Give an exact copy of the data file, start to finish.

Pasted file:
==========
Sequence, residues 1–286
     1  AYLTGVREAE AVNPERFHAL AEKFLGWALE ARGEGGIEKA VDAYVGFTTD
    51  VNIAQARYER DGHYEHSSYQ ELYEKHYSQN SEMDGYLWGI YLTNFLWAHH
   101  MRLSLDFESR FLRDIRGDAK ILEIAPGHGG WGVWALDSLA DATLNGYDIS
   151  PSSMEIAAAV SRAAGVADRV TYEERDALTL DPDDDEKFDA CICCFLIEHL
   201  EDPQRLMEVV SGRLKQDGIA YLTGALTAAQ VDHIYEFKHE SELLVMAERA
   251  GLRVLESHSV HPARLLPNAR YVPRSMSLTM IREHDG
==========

Sequence, residues 1–286
     1  AYLTGVREAE AVNPERFHAL AEKFLGWALE ARGEGGIEKA VDAYVGFTTD
    51  VNIAQARYER DGHYEHSSYQ ELYEKHYSQN SEMDGYLWGI YLTNFLWAHH
   101  MRLSLDFESR FLRDIRGDAK ILEIAPGHGG WGVWALDSLA DATLNGYDIS
   151  PSSMEIAAAV SRAAGVADRV TYEERDALTL DPDDDEKFDA CICCFLIEHL
   201  EDPQRLMEVV SGRLKQDGIA YLTGALTAAQ VDHIYEFKHE SELLVMAERA
   251  GLRVLESHSV HPARLLPNAR YVPRSMSLTM IREHDG